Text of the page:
Ten Things You Need to Know Today: 16 July 2021
The Week’s daily digest of the news agenda, published at 8am
Climate change blamed for deadly floods
Angela Merkel has expressed deep sympathy for victims of the flooding “catastrophe” in Germany, which killed at least 80 people. More than a thousand are still missing. The German chancellor said it was a day “characterised by fear, by despair, by suffering” and told the German people that the government “will not leave you alone in this difficult, terrible hour”. Belgium has reported at least 11 dead after extreme weather, which politicians have blamed on climate change.
Covid app ‘pings through walls’
Neighbours are being told to self-isolate because the NHS Test and Trace app is “pinging” people through walls, according to The Daily Telegraph. Sources close to the Test and Trace team say the Bluetooth signal used by the app is strong enough to penetrate walls. There are fears that a “pingdemic” will bring businesses, transport and schools to standstill, after more than half a million alerts were sent by the app last week alone.
Saka criticises social media firms
England footballer Bukayo Saka, who was subjected to racist abuse online after missing a penalty in the final of Euro 2020, has criticised social media giants for failing to do enough to stop it. The 19-year-old said he “knew instantly” that he would be targeted after he missed England’s final spot-kick, which handed victory to Italy. He told social media giants that it is a “sad reality that your powerful platforms are not doing enough to stop these messages”.
Lebanon’s PM-designate quits
The prime minister-designate of Lebanon has stepped down nearly nine months after he was tasked with forming the nation’s next government. Saad Hariri told reporters that President Michel Aoun had not accepted his latest cabinet. “For that reason I have stepped down from forming the government,“ he said, adding: “God help this country.”
Whitty calls for caution
People should act with care as Covid restrictions in England end on Monday because the UK is “not out of the woods yet”, Professor Chris Whitty has said. Warning that hospital admissions were doubling every three weeks and could hit “scary numbers” if the trend continues, Whitty said the pandemic still had a “long way to run in the UK”. He said that even after 19 July, it will be important “to take things incredibly slowly”.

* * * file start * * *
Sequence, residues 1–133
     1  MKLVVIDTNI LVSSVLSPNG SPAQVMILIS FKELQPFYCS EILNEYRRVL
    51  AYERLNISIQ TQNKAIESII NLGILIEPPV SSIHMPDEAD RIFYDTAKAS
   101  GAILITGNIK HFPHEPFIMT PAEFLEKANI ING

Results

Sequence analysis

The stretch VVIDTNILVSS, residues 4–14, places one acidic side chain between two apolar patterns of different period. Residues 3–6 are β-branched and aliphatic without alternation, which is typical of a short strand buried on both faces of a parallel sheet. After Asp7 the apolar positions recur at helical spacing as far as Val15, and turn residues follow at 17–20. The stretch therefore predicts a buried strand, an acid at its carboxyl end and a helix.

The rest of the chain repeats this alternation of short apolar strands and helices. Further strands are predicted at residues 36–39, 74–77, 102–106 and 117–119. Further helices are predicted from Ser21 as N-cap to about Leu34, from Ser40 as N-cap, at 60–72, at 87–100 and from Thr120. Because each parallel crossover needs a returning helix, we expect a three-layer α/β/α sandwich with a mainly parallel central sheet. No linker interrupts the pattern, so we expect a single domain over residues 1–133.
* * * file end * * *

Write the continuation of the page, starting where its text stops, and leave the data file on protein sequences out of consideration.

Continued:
Warning ahead of weekend heatwave
A health warning has been issued for England, where temperatures set to reach 31C (88F) on Sunday and Monday. Public Health England urged people to take steps to stay cool and help those who may be at risk in hot weather. The Met Office said: “Across most parts of the UK we’re expecting to see temperatures building, reaching heatwave thresholds across the majority of England over the weekend.”
Outdoor dining to become permanent
Outdoor cafe culture will become a permanent fixture in Britain as bars, restaurants and coffee shops are given the right to offer al-fresco service. Last year, rules were relaxed to make it easier for businesses to serve outside during Covid restrictions. “You’ve always had an outdoor cafe culture on the continent but much less so in this country,” a source told The Times. “It seems sensible that the changes we made as a necessity during Covid should be made permanent.”
GB News figures hit zero
GB News attracted no viewers during some shows this week, according to official television audience figures. The news comes amid a viewer boycott in response to one of its presenters taking the knee in solidarity with the England football team. The channel says the decision of Guto Harri to make the on-air gesture in solidarity against racial abuse suffered by English players was “an unacceptable breach of our standards”.
Lords warns Bank of England over QE
A House of Lords committee says the Bank of England risks becoming addicted to creating money and needs to explain how it will unwind its £895bn bond-buying programme. The Lords economic affairs committee said the Bank had become too dependent on the use of QE, which it said was worsening inequality by boosting asset prices. The Bank said its measures during the pandemic have “lowered borrowing costs across the economy, providing much needed support”.
Earth’s ‘pulse’ taken from ocean floor
Dozens of measuring devices are to be dropped on the floor of the Atlantic Ocean in a bid to measure the Earth’s “pulse”. The seismometers, which will be positioned across an area that includes the Canary Islands, Madeira and the Azores, will detect vibrations caused by seismic waves and continuously record motions hundreds of miles deep within the planet. “This is a first-of-a-kind seismic experiment,” said Professor Ana Ferreira of UCL Earth Sciences.